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Radically different on the inside

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By Carrie O’Grady

‘Believe in Good’, says the sign outside the church. Hang on, isn’t that an extra ‘o’ in there? It isn’t, oddly enough. The New Unity, on the north side of Newington Green, is not like other churches: they don’t believe in God, heaven and hell, saints’n’sinners, or any of the other theological trappings we associate with traditional religions.
You may have seen it from the 73 bus dozens of times without realising what an extraordinary institution it is.
“One of our problems is that from the outside, you can’t see what happens on the inside,” says the minister, Rev. Andrew Pakula (everyone calls him Andy). “We had one guy who thought the people here would be really dour, all wearing black, with black hats – like a cross between the Quakers and a funeral.”

Andy Pakula

In fact the congregation are a diverse mix of friendly, thoughtful locals, attracted by the church’s focus on hope, social activism, compassion and “radical inclusivity”: literally anyone is welcome.
“Our primary principle is that every person matters,” says Andy. “That drives a strong impetus towards developing relationships – one of the most important things we do in life. Even, perhaps, with people we don’t know, who might seem strange or hostile – people who might have fewer privileges. We want to bring back the idea of love in the public domain.”


Coming from anyone else, that might sound airy-fairy, but the New Unitarians are firmly committed to positive action. Back in 2008, when the Civil Partnership Act still forbade same-sex couples from tying the knot in a religious setting, the New Unity decided to stop hosting heterosexual marriage ceremonies in protest.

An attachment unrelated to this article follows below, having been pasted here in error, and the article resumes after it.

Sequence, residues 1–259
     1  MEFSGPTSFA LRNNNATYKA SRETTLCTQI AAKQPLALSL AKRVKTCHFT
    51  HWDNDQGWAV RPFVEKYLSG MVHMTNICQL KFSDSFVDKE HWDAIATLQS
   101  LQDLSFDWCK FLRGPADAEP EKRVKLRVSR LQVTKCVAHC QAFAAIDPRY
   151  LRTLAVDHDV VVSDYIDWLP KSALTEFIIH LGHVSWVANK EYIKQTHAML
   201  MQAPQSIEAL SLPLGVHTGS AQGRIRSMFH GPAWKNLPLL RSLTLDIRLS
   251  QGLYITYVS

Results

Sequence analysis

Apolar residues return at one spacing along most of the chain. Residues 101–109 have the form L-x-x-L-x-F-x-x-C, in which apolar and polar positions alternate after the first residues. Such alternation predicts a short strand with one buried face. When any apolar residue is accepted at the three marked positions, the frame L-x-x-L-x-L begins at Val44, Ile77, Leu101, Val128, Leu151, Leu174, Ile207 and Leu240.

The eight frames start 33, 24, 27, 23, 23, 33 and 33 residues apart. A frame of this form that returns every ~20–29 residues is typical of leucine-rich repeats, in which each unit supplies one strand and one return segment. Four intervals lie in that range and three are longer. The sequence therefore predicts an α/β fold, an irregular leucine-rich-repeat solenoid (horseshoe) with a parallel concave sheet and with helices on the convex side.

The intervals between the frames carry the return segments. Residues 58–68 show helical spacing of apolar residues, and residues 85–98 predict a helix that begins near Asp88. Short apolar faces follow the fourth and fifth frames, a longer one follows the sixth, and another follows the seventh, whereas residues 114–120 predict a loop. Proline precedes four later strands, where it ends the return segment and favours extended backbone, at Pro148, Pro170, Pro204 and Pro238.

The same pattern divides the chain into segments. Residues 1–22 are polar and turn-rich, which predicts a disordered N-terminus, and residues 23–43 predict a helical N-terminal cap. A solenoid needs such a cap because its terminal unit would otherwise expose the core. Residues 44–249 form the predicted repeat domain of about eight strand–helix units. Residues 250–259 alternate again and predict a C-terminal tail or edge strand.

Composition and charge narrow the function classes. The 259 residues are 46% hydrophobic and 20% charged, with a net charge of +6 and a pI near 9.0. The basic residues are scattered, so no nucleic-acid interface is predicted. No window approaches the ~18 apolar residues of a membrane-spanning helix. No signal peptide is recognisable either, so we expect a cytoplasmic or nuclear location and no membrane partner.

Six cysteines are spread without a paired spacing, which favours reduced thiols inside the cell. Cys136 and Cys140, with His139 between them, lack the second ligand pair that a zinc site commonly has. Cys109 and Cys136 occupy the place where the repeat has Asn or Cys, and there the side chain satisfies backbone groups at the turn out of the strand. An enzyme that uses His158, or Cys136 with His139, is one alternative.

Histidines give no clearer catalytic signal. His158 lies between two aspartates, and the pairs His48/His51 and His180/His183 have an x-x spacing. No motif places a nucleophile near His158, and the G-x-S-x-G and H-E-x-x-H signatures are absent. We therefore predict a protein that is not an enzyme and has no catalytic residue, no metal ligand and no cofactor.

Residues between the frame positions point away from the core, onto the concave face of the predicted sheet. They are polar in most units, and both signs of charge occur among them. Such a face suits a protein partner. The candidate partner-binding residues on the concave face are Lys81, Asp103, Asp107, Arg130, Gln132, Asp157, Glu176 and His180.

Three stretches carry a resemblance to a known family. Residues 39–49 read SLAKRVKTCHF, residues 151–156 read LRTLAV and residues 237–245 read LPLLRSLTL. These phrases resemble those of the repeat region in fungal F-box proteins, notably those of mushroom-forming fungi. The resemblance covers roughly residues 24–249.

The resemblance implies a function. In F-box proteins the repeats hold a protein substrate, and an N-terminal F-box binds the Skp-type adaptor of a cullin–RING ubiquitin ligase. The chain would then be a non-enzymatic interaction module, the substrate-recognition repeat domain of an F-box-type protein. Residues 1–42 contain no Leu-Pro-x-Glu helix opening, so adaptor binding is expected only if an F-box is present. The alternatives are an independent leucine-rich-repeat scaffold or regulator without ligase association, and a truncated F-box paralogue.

“We just thought, that’s discriminatory,” Andy says. “They [the government] were saying, yeah, it’s OK for you people to get together, but not in a place where God’s watching.” The church teamed up with the Liberal Jews and the Quakers to oppose the ban, which was lifted in 2011.
Today, they work harder than ever to make our society a better, fairer place. The church’s Social Responsibility Team works closely with Hackney Citizens, an offshoot of the community organising group Citizens UK, on projects such as resettling Syrian migrants, ousting rogue landlords and campaigning for a “living wage” (as opposed to the existing minimum wage). Members of the congregation volunteer to do pastoral care or help out with the Sunday gatherings, which manage to combine singing and celebrating with the serious business of crafting strategies to deal with the fallout from Trump and Brexit. People without time to spare can share in the good works by making a contribution to the weekly collection, which goes to a number of different charities, benefiting those most in need: the homeless, impoverished elderly people, displaced children, and many others.


One parishioner, Daniel Wilsher, has been singing in the church choir for two years. “There is a real sense of mystery and energy about being part of a community of value where ‘the faith’ is not written down in a book,” he says. “Instead it emerges from and is lived by its diverse membership. It’s a journey with an unknown destination, but it’s also about the pure enjoyment of singing together, sharing joys and sorrows and finding comfort when it’s needed.”
And let’s not forget the next generation. Many Stokey families take advantage of the church’s excellent children’s programme, which mixes games and crafts with lively introductions to issues such as racism and prejudice. Next January, Andy plans to start a “coming-of-age programme2 for young people aged 12 to 14, “helping kids to explore their own values, perspectives, beliefs or lack thereof – a sort of Unitarian version of the bar mitzvah.”

Watching over it all is the ghost of former parishioner Mary Wollstonecraft, the pioneering feminist, immortalised by ex-local street artist Stewy in a striking life-size stencil on the church’s west wall. It’s still possible to sit in her old pew, #19; the wooden benches are unchanged since the 18th century. If you concentrate, you might just sense a trace of her bold, heretical, dissenting spirit lingering in the New Unity air.

 

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